Imagine your child is nearing high school graduation, a time when they’re hearing that all-important question: “So, what are your plans?” Is she going to college undecided, or very sure of her career path? What are some actions you could take now to guide your student in choosing a career?

  1. Remember your experience in choosing a career and consider what may have been helpful. And no, having your parents tell you what to do would not have been helpful. Just because you had an incredible college experience at your alma mater or your company is in huge demand of software engineers does not mean you should talk about that all the time, mom! Recognize that your child is their own person; encourage exploration of options.
  1. Explore careers together. Two online career search tools are and Both sites offer an interest inventory, which links to a slew of career profiles. But sometimes skipping directly to the careers videos can get you and your child talking about a variety of options. And it can be fun for you to take these inventories too, and let your child see your reaction to the various options recommended for you. Watching you process out loud can guide them in how to start thinking about their options.
  1. Guide your child toward an internship – yes, as young as high school. If an internship is not possible, try to get an opportunity to job shadow or at least interview a professional in their interested fields. What if you don’t know anyone in your child’s interested field? Ask friends. Ask teachers at your child’s school. It’s all about who you know…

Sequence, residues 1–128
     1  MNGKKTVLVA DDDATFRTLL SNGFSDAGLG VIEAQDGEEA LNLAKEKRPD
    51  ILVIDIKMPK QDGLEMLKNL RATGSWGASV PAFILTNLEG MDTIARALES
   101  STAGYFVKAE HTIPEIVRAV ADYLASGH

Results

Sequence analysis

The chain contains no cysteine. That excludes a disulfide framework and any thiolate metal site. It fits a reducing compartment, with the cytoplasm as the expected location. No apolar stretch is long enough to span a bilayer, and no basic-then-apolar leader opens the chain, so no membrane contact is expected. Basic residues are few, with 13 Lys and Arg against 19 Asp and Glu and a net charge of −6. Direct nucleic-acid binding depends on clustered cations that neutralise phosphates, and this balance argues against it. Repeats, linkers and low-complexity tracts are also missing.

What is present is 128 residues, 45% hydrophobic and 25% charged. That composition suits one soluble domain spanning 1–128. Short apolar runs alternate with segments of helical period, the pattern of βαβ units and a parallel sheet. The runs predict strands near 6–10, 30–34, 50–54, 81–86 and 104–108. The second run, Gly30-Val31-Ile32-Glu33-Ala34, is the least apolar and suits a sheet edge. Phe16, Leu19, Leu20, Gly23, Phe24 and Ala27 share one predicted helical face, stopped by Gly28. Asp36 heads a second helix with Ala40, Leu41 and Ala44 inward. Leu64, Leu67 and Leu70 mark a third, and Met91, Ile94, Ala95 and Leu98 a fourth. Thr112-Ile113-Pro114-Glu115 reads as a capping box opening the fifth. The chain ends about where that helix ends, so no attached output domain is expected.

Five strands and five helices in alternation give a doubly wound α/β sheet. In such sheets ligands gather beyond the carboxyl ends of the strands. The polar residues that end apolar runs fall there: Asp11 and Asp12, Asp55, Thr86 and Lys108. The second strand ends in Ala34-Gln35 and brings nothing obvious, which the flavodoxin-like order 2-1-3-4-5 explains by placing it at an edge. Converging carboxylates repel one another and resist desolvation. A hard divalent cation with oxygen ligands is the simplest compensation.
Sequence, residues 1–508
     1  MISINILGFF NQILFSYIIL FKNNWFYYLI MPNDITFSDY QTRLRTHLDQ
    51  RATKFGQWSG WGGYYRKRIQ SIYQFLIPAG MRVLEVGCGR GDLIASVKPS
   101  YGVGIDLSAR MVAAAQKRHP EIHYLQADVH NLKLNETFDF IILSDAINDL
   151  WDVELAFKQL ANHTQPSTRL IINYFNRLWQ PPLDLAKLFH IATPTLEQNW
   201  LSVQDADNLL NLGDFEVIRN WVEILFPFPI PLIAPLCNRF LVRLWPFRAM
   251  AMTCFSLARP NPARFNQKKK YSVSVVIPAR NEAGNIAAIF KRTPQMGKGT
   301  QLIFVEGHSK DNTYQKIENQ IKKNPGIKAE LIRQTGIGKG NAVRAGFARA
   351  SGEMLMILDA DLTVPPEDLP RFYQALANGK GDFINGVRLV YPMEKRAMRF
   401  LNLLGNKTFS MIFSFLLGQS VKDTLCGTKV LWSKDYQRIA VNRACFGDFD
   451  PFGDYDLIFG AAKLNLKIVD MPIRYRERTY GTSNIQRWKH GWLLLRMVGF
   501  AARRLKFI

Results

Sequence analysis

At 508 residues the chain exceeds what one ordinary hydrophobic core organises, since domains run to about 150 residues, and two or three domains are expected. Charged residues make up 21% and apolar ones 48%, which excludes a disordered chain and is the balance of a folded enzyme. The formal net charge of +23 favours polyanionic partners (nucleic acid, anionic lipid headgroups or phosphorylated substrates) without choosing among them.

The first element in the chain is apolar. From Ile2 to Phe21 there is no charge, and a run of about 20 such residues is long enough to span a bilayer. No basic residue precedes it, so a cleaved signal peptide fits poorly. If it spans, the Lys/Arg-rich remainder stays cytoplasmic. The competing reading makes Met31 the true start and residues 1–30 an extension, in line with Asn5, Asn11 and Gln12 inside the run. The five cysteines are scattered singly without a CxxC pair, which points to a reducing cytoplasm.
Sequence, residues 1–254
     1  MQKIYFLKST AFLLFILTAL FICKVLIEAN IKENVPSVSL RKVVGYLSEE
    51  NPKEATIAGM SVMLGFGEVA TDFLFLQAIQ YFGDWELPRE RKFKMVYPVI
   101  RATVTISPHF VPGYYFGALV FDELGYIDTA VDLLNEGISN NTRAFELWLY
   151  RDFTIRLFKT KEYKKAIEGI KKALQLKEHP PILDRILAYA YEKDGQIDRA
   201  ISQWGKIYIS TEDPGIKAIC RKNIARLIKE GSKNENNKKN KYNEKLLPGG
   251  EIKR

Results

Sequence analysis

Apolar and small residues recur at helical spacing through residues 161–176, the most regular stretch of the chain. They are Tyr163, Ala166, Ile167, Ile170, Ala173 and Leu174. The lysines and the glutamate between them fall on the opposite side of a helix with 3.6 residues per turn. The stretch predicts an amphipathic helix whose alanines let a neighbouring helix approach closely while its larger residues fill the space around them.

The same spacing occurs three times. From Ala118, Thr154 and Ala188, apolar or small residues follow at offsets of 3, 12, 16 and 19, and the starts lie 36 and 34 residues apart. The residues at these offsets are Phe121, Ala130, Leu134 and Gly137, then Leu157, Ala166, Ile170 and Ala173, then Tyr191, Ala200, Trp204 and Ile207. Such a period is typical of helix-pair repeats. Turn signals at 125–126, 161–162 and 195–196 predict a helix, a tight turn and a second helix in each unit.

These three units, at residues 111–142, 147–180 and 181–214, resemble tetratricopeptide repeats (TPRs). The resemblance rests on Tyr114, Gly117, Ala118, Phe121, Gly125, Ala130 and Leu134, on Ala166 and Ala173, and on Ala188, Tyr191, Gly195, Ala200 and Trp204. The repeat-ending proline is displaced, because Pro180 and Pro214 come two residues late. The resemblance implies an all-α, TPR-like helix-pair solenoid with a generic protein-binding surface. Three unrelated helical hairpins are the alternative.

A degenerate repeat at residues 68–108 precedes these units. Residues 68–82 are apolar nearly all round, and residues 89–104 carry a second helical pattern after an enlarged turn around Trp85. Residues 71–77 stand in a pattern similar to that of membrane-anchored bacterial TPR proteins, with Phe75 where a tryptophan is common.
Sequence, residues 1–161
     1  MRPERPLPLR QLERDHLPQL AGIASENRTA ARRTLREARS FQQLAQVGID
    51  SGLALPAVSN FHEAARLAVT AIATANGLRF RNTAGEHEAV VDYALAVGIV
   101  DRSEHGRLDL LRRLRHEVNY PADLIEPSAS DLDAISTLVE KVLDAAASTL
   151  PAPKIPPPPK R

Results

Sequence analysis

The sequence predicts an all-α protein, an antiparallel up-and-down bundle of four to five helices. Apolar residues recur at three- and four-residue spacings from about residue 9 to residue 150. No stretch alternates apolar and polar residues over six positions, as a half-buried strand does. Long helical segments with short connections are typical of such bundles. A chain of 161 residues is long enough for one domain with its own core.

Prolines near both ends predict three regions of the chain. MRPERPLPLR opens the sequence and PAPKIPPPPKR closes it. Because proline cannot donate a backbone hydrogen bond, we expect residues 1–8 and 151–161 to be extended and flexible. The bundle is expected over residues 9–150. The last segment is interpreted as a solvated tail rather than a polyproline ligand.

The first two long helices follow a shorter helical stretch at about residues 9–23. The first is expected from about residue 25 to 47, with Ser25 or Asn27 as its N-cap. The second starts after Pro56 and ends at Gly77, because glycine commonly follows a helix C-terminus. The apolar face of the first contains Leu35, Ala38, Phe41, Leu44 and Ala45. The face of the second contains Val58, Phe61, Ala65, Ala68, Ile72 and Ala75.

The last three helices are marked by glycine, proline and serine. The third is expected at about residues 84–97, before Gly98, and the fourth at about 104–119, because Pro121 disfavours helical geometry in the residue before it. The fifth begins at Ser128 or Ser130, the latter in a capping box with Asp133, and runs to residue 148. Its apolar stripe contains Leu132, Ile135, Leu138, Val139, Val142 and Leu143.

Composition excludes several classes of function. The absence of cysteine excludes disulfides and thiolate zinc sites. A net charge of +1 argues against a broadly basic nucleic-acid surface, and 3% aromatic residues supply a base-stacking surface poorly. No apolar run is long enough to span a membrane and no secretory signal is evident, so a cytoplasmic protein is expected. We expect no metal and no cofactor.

1. Don’t let your child just “hang out” this summer, and encourage him to try out different activities during the school year. This will allow your child to see what he enjoys – and wants nothing to do with. Particularly focus on finding a place to volunteer. One 8th grader recently told me he had hoped to work in the medical field, but after volunteering at a local hospital restocking supplies, he realized it was a place he couldn’t imagine working in every day.
  1. Try the Seven Stories. I love this example from the New York Times. Robert Hellmann, a career consultant, encourages young people to identify 20 times in their lives they liked doing something and were good at it. Then pick the top seven stories that you as a parent can ask more about: Why did you like this? What were you good at? Why choose this story? See where it leads you…hopefully to a career field to learn more about.

Most importantly, know that whether your child has a clear path or absolutely no clue at age 17, shifts can occur. Majors can take a sharp turn in another direction, and many of us are still trying to figure out what we want to do at age 40. The key here is to be a great listener for your child so he knows you are a constant, nonjudgmental ear when it’s time to get some perspective – and direction toward choosing a career.